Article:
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Chinese Military Turns to U.S. University to Conduct Covert Research


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Case of Chinese researcher at Boston University renews fears Beijing is targeting American academia




When a researcher from a Chinese military academy applied to study with celebrated Boston University physicist Eugene Stanley, he said her affiliation didn’t raise red flags.


“I’m not interested at all in politics. I’m a scientist,” said Mr. Stanley, whose wide-ranging research has included using artificial intelligence to decode financial markets and applying statistical physics to prevent diseases.


The recent indictment of the researcher, who is accused of lying on her U.S. visa application to conceal she is a lieutenant in the Chinese military, shows how U.S. universities’ openness to international collaboration in cutting-edge research leaves them vulnerable to potential exploitation.


Mr. Stanley said that he receives droves of research requests and that he vets candidates’ scientific credentials. A Boston University spokesman said the school doesn’t engage in classified research and relies on the State Department to screen foreign applicants for national-security risks.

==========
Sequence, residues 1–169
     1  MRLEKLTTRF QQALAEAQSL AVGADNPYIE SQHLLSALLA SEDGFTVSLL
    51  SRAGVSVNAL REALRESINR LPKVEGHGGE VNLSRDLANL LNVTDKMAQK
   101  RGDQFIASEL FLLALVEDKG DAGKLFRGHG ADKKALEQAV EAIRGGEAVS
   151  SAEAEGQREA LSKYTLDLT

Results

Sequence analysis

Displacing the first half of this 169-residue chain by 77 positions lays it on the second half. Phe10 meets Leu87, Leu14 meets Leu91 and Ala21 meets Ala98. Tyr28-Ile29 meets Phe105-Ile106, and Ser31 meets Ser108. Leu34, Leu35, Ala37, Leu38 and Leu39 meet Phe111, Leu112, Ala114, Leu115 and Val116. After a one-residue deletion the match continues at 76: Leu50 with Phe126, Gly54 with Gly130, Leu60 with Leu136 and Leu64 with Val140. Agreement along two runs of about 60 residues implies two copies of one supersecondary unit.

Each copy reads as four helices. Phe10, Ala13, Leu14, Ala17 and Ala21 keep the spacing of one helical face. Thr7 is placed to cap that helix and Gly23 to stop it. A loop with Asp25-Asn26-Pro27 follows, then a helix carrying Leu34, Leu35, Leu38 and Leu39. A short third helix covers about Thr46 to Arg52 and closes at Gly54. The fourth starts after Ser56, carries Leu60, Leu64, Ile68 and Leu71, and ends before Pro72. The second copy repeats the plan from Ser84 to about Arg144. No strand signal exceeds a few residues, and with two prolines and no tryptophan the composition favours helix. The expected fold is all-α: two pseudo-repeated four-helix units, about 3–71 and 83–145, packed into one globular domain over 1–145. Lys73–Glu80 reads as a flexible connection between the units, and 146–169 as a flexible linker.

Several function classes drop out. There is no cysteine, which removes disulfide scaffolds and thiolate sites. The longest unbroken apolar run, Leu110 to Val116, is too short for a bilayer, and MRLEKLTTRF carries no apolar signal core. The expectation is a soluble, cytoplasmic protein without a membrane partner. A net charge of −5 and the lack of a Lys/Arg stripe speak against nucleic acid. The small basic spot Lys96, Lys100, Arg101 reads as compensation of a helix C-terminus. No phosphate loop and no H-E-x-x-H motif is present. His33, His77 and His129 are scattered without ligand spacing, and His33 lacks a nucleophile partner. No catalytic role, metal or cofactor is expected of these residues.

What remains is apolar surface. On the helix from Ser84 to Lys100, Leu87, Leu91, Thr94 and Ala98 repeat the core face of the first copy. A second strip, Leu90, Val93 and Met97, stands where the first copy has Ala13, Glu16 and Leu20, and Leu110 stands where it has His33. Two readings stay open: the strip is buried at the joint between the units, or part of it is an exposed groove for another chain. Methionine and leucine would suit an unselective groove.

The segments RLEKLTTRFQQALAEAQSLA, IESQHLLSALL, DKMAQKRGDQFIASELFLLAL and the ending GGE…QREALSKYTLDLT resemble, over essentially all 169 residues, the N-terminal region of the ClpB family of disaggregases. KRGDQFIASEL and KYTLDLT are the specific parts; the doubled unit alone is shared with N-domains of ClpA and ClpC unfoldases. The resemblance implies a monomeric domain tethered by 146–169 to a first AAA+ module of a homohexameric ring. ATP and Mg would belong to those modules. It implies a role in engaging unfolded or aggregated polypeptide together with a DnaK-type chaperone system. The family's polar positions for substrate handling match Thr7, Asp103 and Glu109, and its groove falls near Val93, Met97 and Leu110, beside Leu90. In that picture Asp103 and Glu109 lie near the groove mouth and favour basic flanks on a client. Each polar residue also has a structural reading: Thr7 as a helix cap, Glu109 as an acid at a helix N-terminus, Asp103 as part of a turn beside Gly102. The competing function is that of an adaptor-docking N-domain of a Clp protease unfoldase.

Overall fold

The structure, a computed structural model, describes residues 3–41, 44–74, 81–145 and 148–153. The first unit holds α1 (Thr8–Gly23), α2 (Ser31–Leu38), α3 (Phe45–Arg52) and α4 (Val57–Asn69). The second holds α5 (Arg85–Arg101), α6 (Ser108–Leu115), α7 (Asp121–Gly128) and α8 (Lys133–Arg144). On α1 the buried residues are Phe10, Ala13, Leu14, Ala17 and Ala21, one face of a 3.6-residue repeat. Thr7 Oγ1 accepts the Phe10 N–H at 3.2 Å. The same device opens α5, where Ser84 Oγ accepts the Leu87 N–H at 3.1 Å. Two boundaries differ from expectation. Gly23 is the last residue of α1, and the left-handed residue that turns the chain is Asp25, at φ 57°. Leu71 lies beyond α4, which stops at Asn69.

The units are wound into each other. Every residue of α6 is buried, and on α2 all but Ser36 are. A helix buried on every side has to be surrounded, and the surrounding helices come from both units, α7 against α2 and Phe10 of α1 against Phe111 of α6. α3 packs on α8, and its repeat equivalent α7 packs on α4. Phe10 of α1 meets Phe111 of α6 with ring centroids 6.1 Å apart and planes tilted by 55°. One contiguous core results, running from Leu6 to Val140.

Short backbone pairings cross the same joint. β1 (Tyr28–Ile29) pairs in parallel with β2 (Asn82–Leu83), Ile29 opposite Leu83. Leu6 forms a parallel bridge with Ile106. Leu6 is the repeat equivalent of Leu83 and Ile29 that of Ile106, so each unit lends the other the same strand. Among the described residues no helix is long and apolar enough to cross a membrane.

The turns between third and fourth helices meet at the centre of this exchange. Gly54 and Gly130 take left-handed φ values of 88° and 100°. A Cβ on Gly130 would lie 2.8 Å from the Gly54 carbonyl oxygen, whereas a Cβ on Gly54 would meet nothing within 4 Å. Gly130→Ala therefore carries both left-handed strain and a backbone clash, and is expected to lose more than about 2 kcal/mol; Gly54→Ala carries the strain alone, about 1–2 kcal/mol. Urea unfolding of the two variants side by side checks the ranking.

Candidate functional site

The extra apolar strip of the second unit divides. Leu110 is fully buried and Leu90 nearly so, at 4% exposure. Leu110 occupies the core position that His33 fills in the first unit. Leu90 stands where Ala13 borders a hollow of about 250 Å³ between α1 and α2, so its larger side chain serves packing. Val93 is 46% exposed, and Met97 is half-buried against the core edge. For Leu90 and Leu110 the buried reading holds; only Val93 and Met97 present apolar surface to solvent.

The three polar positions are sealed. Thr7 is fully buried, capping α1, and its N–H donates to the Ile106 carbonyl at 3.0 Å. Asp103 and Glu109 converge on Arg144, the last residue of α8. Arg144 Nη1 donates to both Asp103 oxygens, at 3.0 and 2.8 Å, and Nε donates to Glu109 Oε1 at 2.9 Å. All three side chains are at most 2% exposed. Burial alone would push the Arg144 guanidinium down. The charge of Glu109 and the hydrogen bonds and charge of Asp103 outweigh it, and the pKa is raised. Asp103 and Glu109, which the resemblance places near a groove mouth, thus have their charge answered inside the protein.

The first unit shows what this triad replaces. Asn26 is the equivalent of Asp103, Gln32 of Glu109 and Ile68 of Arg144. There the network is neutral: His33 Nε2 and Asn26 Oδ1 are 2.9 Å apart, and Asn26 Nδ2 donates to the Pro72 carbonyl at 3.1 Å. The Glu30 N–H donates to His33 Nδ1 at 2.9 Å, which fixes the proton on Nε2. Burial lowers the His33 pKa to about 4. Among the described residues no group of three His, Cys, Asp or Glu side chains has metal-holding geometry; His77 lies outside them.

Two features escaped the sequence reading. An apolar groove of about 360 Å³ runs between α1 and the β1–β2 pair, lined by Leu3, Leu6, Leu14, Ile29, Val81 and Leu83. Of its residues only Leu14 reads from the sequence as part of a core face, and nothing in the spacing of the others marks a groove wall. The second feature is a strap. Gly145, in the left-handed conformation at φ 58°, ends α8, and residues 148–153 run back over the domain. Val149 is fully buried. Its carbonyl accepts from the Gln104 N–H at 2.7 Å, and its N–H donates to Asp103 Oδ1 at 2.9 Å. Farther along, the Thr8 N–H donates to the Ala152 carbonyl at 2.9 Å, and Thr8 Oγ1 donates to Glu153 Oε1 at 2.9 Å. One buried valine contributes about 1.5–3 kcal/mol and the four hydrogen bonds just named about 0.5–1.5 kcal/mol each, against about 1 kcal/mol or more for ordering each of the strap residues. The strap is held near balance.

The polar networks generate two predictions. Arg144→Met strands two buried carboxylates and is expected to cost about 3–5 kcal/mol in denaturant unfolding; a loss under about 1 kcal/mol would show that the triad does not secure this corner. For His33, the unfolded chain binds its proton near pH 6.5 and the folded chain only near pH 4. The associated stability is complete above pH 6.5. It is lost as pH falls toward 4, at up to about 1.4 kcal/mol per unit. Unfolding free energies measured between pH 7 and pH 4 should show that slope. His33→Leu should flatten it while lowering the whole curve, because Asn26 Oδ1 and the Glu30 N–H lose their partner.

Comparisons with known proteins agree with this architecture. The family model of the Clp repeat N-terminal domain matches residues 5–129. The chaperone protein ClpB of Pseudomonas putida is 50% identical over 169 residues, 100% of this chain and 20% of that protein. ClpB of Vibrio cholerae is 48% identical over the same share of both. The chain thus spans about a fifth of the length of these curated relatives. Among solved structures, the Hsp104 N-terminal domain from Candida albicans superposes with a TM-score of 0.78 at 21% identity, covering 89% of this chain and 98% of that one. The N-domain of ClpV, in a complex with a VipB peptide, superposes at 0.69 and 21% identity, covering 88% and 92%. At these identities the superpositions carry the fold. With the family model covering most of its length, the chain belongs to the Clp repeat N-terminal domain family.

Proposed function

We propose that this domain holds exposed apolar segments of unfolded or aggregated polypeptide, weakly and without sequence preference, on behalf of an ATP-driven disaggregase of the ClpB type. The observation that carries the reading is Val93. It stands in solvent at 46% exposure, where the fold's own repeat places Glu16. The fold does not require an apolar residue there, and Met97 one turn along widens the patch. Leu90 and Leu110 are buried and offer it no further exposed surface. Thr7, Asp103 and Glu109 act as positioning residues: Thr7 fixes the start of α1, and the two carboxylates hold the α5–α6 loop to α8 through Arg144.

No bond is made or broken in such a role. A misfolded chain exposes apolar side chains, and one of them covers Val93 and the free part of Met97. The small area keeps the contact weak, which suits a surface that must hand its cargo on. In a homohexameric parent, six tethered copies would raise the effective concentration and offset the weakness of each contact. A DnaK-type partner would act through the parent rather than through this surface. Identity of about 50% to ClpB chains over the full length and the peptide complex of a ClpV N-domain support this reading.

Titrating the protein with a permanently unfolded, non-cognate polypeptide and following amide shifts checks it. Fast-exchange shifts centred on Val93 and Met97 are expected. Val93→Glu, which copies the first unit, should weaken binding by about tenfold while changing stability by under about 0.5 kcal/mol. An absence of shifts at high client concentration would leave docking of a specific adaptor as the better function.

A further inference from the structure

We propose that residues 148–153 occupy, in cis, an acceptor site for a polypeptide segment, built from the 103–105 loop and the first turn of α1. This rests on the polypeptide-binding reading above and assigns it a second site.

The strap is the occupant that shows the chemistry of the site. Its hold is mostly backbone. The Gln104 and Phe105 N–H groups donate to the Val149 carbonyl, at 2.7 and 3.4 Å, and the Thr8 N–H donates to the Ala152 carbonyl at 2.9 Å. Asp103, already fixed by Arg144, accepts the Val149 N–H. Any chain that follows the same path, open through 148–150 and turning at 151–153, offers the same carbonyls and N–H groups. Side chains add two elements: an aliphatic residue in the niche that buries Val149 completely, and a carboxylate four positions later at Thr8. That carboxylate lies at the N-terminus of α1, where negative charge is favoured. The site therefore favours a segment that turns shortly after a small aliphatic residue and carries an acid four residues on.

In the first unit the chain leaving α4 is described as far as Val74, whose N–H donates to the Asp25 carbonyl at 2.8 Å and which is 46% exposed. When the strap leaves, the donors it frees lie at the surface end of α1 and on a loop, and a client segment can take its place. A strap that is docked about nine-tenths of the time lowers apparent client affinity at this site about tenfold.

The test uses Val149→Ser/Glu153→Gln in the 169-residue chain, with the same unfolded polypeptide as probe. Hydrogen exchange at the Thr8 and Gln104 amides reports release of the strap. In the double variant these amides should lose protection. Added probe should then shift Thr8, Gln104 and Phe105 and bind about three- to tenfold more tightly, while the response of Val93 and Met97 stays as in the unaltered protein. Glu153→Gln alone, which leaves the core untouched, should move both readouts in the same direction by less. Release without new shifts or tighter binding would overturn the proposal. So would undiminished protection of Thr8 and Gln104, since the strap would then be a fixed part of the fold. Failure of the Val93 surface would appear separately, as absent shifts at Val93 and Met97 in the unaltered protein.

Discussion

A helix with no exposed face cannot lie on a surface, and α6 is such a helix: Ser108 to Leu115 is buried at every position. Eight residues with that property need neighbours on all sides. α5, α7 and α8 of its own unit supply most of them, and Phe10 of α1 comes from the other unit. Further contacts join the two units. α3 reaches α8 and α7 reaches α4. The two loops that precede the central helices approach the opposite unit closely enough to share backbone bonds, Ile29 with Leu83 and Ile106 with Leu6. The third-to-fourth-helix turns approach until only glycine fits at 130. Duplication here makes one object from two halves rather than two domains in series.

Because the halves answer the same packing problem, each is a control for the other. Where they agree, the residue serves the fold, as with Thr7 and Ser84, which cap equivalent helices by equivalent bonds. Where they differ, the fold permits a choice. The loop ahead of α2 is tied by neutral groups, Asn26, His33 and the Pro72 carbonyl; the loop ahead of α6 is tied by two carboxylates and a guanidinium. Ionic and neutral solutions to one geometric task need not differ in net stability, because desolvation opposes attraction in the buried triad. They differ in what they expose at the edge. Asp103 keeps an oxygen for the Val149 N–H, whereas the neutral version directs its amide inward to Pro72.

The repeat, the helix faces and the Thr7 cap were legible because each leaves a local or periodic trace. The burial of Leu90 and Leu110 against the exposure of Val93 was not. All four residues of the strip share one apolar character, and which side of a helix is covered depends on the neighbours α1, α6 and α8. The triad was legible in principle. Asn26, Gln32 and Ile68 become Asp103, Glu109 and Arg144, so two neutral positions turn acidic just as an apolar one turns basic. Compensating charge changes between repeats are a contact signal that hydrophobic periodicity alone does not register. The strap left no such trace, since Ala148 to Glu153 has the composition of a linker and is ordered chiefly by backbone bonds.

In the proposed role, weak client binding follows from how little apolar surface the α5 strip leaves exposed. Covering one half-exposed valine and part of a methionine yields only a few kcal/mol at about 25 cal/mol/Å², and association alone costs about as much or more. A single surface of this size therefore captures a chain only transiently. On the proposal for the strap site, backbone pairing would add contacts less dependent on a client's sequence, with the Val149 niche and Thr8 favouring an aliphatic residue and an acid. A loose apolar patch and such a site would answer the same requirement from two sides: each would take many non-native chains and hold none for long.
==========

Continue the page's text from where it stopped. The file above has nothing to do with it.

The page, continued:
A range of U.S. agencies, from the Defense Department to the National Institutes of Health, have sounded alarms over Beijing’s alleged attempts to tap U.S. university expertise to boost China’s military and technological competitiveness.


U.S. officials accuse China of targeting academia, including by sending military researchers to American labs and using talent-recruitment programs to attract to China top-flight scientists, entrepreneurs and experts, as well as their intellectual property.


Beijing has denied any systematic effort to steal U.S. scientific research, and Chinese state media have called U.S. allegations of intellectual-property theft a political tool.


Federal prosecutors in Boston brought the most high-profile China recruitment case to date last month when they charged the chair of Harvard University’s chemistry department with deliberately lying about receiving millions of dollars in funding through Beijing’s Thousand Talents Plan. According to the complaint, Prof. Charles Lieber, who hasn’t entered a plea, signed a five-year agreement to conduct research on a battery technology to power electric vehicles, a field China wants to dominate.


A review by officials with the Texas A&M University System found that more than 100 faculty at its schools were involved with Chinese talent-recruitment programs, though only five had disclosed their participation.